Tarragona

Before I studied in Barcelona, I knew very little (ok next to nothing…) about the region of which it is a part – Catalunya. So, here’s some very brief information: Spain is broken up into 17 autonomies communities, which are further broken up into provinces so Barcelona is a province in the larger autonomous community of Catalunya. The city of Tarragona is another province with some very important historical context to Catalunya.

Tarragona, then called “Tarraco,” was founded around the 1st century A.D. after the Second Punic War and served as the capital of the Roman Empire in Spain for some time. Because it was the capital, Barcelona (then called Barcino) was submissive to its greater power but also grew simultaneously because of its strategic location. This is why Roman construction can still be spotted in Barcelona’s “ciutat vella” or old city.

 

The ancient Romans are not difficult to spot in Tarragona, however. I traveled there by IMG_3464train from Barcelona a couple weekends ago (about an hour-long trip) and, as soon as we began walking to the high part of the city, we looked out toward the Mediterranean and spotted an enormous Roman amphitheater. I’ve never been to the Coliseum in Rome, but I imagine it’s a much larger version of this. We were able to walk in and around the amphitheater, which had been used for gladiator battles, animal fights and executions, for only 3€! I was amazed by how prominent the ruins were to the town itself.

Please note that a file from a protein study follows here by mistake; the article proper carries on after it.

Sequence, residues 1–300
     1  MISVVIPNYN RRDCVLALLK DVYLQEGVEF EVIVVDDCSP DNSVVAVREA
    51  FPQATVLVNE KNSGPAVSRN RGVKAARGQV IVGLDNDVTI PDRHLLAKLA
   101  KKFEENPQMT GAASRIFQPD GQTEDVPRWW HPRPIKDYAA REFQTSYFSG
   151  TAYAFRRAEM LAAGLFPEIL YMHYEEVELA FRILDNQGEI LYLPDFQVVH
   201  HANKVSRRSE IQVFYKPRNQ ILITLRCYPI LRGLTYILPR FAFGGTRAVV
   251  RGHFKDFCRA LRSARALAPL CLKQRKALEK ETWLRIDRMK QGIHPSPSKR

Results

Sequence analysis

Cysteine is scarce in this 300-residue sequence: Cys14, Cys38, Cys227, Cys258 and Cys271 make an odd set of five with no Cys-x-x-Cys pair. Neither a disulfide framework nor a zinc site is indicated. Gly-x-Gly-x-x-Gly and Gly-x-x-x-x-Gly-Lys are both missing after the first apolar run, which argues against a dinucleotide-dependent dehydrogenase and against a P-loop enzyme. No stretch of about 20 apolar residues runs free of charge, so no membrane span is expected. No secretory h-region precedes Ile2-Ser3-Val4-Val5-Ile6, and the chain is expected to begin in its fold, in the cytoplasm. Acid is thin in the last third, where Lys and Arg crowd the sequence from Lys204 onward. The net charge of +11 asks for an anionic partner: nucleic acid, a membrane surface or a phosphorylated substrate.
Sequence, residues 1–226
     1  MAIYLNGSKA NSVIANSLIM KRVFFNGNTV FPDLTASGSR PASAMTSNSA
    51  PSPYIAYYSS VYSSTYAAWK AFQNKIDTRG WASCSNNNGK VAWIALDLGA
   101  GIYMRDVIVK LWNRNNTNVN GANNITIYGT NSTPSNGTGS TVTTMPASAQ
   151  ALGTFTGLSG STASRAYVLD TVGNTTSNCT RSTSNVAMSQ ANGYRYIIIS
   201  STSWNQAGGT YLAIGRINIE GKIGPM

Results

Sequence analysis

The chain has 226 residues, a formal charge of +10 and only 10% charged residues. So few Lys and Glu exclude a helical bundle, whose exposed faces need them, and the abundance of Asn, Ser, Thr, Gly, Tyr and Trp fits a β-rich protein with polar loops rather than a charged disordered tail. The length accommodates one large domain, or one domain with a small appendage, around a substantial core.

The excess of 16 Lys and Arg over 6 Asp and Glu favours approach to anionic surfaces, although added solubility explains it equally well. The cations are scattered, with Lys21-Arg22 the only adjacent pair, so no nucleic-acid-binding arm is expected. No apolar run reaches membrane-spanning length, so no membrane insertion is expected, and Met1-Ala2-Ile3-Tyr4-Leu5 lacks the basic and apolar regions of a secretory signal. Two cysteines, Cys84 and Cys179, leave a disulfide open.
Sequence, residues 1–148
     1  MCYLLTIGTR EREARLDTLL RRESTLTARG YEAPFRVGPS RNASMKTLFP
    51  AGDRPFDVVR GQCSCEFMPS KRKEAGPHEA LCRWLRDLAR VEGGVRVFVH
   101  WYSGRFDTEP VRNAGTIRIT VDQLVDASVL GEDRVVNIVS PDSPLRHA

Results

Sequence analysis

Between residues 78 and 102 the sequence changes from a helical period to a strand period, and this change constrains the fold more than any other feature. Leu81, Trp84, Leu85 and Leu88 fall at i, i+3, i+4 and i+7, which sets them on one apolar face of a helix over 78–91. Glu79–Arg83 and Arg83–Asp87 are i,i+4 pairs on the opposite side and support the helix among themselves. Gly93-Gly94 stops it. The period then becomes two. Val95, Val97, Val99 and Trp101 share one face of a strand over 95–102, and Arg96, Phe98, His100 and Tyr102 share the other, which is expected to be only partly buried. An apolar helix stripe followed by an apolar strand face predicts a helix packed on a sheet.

As we continued wandering, we saw a portion of the Roman wall built as a defense for the city and later walked through the remnants of a Roman circus, where chariot races were frequently held. It was all incredible and made us feel very, very young.

IMG_3539

The north end of the Roman Circus in ancient Tarraco. This is where nobility used to sit. 

We also checked out the Cathedral of Tarragona, another breathtaking gothic structure that seemed to go on and on.

 

IMG_3529Modern Tarragona is a very fun place to visit as well. We ate one of the best meals we’ve ever had while staring out at the Mediterranean: It included patatas bravas (of course), pan con tomate (also of course), paella, wine and dessert. If you want to make sure you get the most out of your meals abroad, make sure you use TripAdvisor ahead of time. It really makes a difference!

 

 

A couple hours before we were going to board our train home, we finally stumbled upon the main shopping district where there was an enormous open-air market, featuring food, handmade jewelry and trinkets. A couple scoops of gelato helped us end the day right and left us in love with the small Roman town.

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